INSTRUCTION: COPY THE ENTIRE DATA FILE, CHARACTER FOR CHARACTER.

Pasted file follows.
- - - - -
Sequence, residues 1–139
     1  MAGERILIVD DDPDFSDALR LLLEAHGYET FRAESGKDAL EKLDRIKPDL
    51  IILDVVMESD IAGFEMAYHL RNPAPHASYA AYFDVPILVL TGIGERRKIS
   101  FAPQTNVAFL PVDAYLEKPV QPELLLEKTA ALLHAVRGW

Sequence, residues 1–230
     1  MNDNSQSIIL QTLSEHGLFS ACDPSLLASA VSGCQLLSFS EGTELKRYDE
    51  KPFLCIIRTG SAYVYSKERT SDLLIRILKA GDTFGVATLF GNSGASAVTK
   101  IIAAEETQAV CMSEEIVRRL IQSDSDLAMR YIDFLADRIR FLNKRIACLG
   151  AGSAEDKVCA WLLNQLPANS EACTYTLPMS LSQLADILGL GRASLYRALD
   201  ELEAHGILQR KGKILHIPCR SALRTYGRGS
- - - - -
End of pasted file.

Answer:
Sequence, residues 1–139
     1  MAGERILIVD DDPDFSDALR LLLEAHGYET FRAESGKDAL EKLDRIKPDL
    51  IILDVVMESD IAGFEMAYHL RNPAPHASYA AYFDVPILVL TGIGERRKIS
   101  FAPQTNVAFL PVDAYLEKPV QPELLLEKTA ALLHAVRGW

Sequence, residues 1–230
     1  MNDNSQSIIL QTLSEHGLFS ACDPSLLASA VSGCQLLSFS EGTELKRYDE
    51  KPFLCIIRTG SAYVYSKERT SDLLIRILKA GDTFGVATLF GNSGASAVTK
   101  IIAAEETQAV CMSEEIVRRL IQSDSDLAMR YIDFLADRIR FLNKRIACLG
   151  AGSAEDKVCA WLLNQLPANS EACTYTLPMS LSQLADILGL GRASLYRALD
   201  ELEAHGILQR KGKILHIPCR SALRTYGRGS